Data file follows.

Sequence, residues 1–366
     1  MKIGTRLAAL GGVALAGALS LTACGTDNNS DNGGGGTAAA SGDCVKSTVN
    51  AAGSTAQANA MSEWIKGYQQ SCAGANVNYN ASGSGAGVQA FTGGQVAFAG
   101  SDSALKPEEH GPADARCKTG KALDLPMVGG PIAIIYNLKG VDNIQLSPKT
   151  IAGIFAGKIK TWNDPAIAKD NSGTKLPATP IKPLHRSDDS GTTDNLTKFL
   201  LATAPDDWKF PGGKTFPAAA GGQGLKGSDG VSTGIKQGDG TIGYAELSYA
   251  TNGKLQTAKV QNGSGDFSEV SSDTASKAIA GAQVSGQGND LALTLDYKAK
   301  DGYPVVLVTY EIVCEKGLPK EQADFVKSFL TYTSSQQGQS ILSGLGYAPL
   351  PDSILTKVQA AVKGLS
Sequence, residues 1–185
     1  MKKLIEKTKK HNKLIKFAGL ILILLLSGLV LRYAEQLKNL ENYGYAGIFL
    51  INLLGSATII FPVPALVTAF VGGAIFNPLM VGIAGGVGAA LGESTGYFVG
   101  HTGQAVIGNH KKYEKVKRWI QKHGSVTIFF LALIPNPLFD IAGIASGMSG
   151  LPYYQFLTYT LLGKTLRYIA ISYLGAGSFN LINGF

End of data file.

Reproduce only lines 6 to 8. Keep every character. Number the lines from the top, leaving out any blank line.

   201  LATAPDDWKF PGGKTFPAAA GGQGLKGSDG VSTGIKQGDG TIGYAELSYA
   251  TNGKLQTAKV QNGSGDFSEV SSDTASKAIA GAQVSGQGND LALTLDYKAK
   301  DGYPVVLVTY EIVCEKGLPK EQADFVKSFL TYTSSQQGQS ILSGLGYAPL